Omnicom Calls Crisis Board Meeting for Sunday

18 June 2002

Besieged Omnicom – the globe’s third largest advertising group – has called an emergency board meeting for 6pm Sunday to discuss and appraise its current stock price and litigation crisis [WAMN: 17-Jun-02].

It is also likely that the meeting agenda will include the recent information request from the Securities and Exchange Commission, revealed Monday evening. The 'request' concerns the resignation of two of the group’s independent directors and last week’s replacement of Arthur Andersen as Omnicom’s auditors.

Another potentially hot potato is the alleged conflict of interest of one of the group’s recently appointed ‘independent’ directors and member of its audit committee – Peter Foy, the chairman of London-headquartered global headhunter Whitehead Mann Group. Foy is a busy, busy bee who also sits in a non-executive capacity on a number of other boards including that of P&O Princess Cruises, whose chair he will assume in October.

But of more concern to onlookers interested in corporate governance is Foy’s membership of the audit committee of PepsiCo – which spends roughly $2 billion (€2.11bn; £1.35bn) annually in billings with Omnicom-owned shops.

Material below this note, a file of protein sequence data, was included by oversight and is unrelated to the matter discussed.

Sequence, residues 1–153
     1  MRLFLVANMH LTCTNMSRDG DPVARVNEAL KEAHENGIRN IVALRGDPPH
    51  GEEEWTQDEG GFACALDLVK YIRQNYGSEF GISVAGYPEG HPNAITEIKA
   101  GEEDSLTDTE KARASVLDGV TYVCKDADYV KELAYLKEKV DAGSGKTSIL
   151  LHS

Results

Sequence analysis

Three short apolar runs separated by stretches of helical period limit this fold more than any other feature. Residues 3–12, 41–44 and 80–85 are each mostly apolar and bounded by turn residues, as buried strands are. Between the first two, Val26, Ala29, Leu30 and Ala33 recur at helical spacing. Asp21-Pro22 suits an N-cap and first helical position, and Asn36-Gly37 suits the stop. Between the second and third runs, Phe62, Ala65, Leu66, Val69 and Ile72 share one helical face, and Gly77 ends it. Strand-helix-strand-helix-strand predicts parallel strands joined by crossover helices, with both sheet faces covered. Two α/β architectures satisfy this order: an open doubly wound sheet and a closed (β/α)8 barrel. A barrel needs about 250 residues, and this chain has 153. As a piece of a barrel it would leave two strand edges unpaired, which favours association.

Questions Charles Elson, head of the University of Delaware's Center for Corporate Governance: “You've got fiduciary duties to both sets of shareholders, and in a commercial transaction between two companies, whom do you represent?”

Veteran shareholder activist Nell Minow, the co-founder of Washington, DC think tank Corporate Library, is likewise concerned: “There are some instances where a conflict is de minimus, such as buying office supplies from Staples, but if there is a significant financial relationship between the two companies, you have to get off one board or the other,” she urges.

PepsiCo, however, is unfazed: “We are well aware that Mr Foy sits on Omnicom's board and we have disclosed that in our proxy every year since he joined the Omnicom board. We don't believe there is a conflict of interest because our board doesn't get involved in advertising decisions and Mr Foy has had no influence on our relationship.”

Omnicom’s lips were zipped on the matter and Foy himself was not available for comment

Data sourced from:; Wall Street Journal; additional content by WARC staff